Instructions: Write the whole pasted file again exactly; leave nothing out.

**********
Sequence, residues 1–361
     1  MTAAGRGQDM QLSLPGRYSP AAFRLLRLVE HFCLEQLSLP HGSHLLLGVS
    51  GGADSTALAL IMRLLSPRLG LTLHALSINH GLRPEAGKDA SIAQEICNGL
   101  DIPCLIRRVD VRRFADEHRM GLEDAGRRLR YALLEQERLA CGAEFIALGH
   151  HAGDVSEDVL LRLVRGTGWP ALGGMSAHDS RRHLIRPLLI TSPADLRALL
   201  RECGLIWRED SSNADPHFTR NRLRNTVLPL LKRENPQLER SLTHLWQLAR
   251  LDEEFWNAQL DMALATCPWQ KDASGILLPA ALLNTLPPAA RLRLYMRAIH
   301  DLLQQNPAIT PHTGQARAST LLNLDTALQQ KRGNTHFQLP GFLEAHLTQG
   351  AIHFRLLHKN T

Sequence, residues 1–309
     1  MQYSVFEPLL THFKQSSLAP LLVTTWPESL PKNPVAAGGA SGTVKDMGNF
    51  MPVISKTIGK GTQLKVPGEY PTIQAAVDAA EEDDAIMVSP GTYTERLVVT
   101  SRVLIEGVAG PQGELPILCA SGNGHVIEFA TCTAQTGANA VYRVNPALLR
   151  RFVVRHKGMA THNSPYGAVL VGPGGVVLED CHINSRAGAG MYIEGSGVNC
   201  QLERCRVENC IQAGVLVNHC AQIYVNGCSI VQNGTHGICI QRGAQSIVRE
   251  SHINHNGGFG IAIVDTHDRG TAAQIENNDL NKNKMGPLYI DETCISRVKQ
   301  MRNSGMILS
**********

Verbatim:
Sequence, residues 1–361
     1  MTAAGRGQDM QLSLPGRYSP AAFRLLRLVE HFCLEQLSLP HGSHLLLGVS
    51  GGADSTALAL IMRLLSPRLG LTLHALSINH GLRPEAGKDA SIAQEICNGL
   101  DIPCLIRRVD VRRFADEHRM GLEDAGRRLR YALLEQERLA CGAEFIALGH
   151  HAGDVSEDVL LRLVRGTGWP ALGGMSAHDS RRHLIRPLLI TSPADLRALL
   201  RECGLIWRED SSNADPHFTR NRLRNTVLPL LKRENPQLER SLTHLWQLAR
   251  LDEEFWNAQL DMALATCPWQ KDASGILLPA ALLNTLPPAA RLRLYMRAIH
   301  DLLQQNPAIT PHTGQARAST LLNLDTALQQ KRGNTHFQLP GFLEAHLTQG
   351  AIHFRLLHKN T

Sequence, residues 1–309
     1  MQYSVFEPLL THFKQSSLAP LLVTTWPESL PKNPVAAGGA SGTVKDMGNF
    51  MPVISKTIGK GTQLKVPGEY PTIQAAVDAA EEDDAIMVSP GTYTERLVVT
   101  SRVLIEGVAG PQGELPILCA SGNGHVIEFA TCTAQTGANA VYRVNPALLR
   151  RFVVRHKGMA THNSPYGAVL VGPGGVVLED CHINSRAGAG MYIEGSGVNC
   201  QLERCRVENC IQAGVLVNHC AQIYVNGCSI VQNGTHGICI QRGAQSIVRE
   251  SHINHNGGFG IAIVDTHDRG TAAQIENNDL NKNKMGPLYI DETCISRVKQ
   301  MRNSGMILS